The theory is that the contracting range will suddenly expand and combined with a surge in volume will push the stock upward changing the trend for a period.
The Rising Wedge pattern is often a reversal signal when found in an uptrend. It looks like a triangle sloping upwards on a price chart. The price bars show a contracting range with an upward tilt, cumulating in the point of the triangle where the trend changes to down at least temporally.
There can be multiple Rising Wedges in an uptrend with each one ending with a sharp decent, then the uptrend continuing. When located within a downtrend, it is considered a continuation pattern and is called a Bear Flag. It is drawn on the chart with two trend lines. The steeper one connecting the lows with the less steep one on top connecting the highs. The lines cumulate at the tip of the triangle where the breakdown or change of trend is thought to occur. Just like the Descending Wedge pattern, an increase of volume near the point of the triangle is thought to add to the likelihood of a trend change. Here is a visual example of the pattern resulting in a change of trend.
A Poweful Technical Trading Tactic
The Opening Range Break Out or ORB, was first popularized by Toby Crabel, in his coveted and long out of print book, “Day Trading With Short Term Price Patterns and Opening Range Breakouts”. Tony became a billion dollar hedge fund manager after writing this book in 1990, and many other hedgees learned from him, so take that for what you think it’s worth when considering why ORB strategies work.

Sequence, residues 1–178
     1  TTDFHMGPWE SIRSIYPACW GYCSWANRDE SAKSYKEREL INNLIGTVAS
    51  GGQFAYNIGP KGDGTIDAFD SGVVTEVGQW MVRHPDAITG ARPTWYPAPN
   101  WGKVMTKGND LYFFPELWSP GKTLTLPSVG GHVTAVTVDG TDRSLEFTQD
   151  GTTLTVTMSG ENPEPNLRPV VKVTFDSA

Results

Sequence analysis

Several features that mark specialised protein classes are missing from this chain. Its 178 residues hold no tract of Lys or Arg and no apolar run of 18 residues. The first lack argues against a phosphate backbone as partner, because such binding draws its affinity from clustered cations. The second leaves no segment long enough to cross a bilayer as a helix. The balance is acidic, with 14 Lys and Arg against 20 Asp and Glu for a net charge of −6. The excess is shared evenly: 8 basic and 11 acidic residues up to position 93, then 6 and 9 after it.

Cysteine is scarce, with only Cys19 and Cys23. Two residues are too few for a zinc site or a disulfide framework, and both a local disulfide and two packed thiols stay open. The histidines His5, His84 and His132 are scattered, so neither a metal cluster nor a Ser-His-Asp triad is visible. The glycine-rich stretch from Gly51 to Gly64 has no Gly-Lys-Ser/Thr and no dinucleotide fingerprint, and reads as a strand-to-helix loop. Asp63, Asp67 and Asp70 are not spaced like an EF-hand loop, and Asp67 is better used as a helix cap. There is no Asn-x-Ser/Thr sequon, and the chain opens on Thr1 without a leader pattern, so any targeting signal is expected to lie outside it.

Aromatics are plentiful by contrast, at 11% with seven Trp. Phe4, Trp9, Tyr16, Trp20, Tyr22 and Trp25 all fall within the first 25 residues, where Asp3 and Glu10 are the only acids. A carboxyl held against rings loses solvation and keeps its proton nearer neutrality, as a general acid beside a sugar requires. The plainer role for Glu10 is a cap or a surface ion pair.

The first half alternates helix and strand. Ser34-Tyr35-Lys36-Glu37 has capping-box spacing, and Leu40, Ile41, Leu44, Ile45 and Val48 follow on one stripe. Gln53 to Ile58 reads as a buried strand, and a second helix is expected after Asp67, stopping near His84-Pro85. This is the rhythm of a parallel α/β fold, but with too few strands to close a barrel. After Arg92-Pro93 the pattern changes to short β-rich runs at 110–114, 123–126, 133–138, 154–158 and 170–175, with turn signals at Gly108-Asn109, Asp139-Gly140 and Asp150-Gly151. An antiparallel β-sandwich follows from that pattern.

The ORB is briefly described in the first line of his book, “A trade is taken at a predetermined amount above or below the opening range”.
Several somewhat complex mathematical formulas have been developed to nail down the optimal level to enter after the breakout; however it all boils down to buying above the ORB or selling below it. Here is a simple example on the 15 minutes stock chart. Mark the high and low of the first 15-minute candle formed on the chart. Now switch to a 1-minute chart with the high and low of the first 15 minutes marked with horizontal lines across the chart. Wait, patience pays in the trading game, for a full one-minute green candle to close above the upper line, or a full one-minute red candle to close below the lower line. When one of these two scenarios occurs, go long on the break above the upper line, or short on a break below the lower line. This is ORB trading at its most basic.
Take the time to develop your own interpretation of technical patterns in the time frame that you trade. Remember, discretionary trading is some science and much art.
The true key to success with technical analysis is experience. Experience isn’t something you can learn in an article, book, or even course. Time is required observing patterns develop in concert with volume to correctly choose the right time to enter the trade. It is critical to note that the edge provided by technical analysis is based on a series of trades of the same pattern. Any single trade can be close to random in outcome. However, over a series of trades, the experienced technical analysis trader can definitely increase the odds of success.
Add patience and perseverance to the above patterns and it is as close to the Holy Grail that can be expected in the financial markets.